[1] ‘Bezirk’ is German for ‘neighborhood.’

Bezirk [1] in Berlin© – 40:  January 14, 2013


 There is a shop in Berlin that sells only one item – the ‘One Piece’ – a piece of clothing that covers your entire body.  It’s more or less like feety-pajamas, except without the feet but with a hood.  You can get these things in various weights, and the heavy-weight version is especially handy when it’s really, really cold.  The unfortunate thing is that, if you’re trying to stay warm, the utility of this garment is limited to males, because the only way females can access the toilet is to essentially remove the whole thing.  And if it’s cold enough to wear this thing in the first place, the LAST thing you want to do in the middle of the night is to completely disrobe.  Here’s what it looks like normally.

 2012-12-26-Harvey - 01

And, if you’re feeling a bit chilly, you can put on the hood.

2012-12-26-Harvey - 02


AND, if you’re really, REALLY cold, you can completely cover your head.

2012-12-26-Harvey - 03


AND, just in case you are unable to successfully deduce on your own that there are certain hazards with zipping the hood completely up, there’s a warning for you.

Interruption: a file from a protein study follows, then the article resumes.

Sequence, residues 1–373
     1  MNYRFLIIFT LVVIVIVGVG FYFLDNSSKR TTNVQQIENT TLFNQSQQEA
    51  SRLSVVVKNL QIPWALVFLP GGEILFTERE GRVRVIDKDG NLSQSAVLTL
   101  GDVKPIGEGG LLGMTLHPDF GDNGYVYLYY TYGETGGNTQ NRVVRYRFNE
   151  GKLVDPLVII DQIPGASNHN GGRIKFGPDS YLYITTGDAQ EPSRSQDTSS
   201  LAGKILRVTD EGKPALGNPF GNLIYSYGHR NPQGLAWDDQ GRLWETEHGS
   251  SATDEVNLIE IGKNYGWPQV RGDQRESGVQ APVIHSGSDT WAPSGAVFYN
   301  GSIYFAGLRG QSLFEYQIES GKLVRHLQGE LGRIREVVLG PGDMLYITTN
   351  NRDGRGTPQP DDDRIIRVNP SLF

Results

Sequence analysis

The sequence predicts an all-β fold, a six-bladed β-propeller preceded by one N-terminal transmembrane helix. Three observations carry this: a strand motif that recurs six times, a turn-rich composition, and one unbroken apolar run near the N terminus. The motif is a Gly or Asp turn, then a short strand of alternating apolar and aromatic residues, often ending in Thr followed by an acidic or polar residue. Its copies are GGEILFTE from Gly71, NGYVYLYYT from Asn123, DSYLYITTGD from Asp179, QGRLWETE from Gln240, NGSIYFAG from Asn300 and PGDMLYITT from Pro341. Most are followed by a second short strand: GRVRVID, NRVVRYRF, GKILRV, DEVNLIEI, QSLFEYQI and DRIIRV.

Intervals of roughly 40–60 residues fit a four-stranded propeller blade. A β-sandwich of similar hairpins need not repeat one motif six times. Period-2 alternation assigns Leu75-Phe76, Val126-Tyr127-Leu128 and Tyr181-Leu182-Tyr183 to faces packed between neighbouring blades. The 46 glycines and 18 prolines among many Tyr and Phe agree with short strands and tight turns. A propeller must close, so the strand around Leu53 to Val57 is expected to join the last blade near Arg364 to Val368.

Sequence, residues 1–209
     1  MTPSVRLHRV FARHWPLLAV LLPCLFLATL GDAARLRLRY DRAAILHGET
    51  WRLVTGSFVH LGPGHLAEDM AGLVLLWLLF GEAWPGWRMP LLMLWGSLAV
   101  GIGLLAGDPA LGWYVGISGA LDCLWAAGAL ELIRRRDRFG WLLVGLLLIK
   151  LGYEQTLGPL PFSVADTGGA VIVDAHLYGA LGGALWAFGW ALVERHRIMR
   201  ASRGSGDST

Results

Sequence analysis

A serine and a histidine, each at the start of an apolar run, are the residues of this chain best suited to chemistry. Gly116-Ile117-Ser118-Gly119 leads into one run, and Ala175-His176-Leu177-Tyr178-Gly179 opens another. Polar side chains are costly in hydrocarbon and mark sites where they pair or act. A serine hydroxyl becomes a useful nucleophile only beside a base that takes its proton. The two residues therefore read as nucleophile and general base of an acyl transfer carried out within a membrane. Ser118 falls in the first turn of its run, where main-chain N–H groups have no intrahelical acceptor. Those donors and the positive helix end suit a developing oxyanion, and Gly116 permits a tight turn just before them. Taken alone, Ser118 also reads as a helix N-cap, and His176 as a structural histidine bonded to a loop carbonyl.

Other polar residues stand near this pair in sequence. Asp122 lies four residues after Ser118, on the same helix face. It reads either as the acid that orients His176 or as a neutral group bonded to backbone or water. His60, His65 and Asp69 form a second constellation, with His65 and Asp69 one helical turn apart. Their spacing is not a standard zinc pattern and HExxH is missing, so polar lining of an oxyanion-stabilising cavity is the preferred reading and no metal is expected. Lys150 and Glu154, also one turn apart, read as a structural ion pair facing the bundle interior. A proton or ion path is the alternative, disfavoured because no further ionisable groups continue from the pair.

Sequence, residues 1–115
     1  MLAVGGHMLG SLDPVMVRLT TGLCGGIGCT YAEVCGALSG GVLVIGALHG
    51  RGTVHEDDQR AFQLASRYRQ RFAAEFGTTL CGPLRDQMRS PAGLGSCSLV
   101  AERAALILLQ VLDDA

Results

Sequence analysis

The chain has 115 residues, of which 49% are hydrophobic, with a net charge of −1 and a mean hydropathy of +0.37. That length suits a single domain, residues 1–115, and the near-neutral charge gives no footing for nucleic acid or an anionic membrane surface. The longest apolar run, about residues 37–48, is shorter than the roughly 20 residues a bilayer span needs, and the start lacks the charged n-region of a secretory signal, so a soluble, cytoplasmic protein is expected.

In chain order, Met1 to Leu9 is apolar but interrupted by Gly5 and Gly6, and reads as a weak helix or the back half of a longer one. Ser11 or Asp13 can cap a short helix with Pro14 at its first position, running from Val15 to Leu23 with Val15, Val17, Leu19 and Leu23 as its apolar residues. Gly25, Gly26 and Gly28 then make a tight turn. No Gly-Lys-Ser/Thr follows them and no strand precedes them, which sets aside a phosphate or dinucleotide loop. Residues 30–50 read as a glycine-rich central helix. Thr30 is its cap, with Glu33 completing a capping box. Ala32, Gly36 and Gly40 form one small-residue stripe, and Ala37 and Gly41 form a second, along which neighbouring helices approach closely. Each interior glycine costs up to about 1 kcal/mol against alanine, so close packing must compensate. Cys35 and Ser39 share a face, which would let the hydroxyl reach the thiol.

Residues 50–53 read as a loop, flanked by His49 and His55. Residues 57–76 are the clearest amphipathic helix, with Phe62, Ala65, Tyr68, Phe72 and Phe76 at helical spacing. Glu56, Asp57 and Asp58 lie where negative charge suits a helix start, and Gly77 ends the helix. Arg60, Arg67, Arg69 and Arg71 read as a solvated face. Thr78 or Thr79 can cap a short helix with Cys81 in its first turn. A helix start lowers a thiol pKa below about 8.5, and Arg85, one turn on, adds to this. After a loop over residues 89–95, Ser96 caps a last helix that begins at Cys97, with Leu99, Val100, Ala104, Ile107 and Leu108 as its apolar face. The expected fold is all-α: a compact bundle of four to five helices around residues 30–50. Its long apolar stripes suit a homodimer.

There’s no other way to describe January 5, 2013, for me.  Here’s the drill:

3:00 am – Wake up because husband is kicking the immortal crap out of me.  He’s had a bad dream and is merely trying to protect himself from the evil-doers who are out to get him.

6:00 am – Half-bald, bat-eared, rat-tailed cat projectile vomits all over the sofa.  This is not the merely disgusting “I-ate-too-much-so-I’m-barfing-up-the excess” kind that simply smells like cat food, but the “This-crap-has-been-in-my-belly-since-6pm-last-night-and-includes-nasty-gastric –juices-and-is-half-digested” kind that’s beyond disgusting.  And, of course, I wake up a bit later with a slightly queasy stomach,

9:30 am – The vet’s open between 10 and 12 on Saturdays, so I put Ms. Electra in her carrier, hop on my bike, and ride through the slightly rainy, 45 F weather to the vet.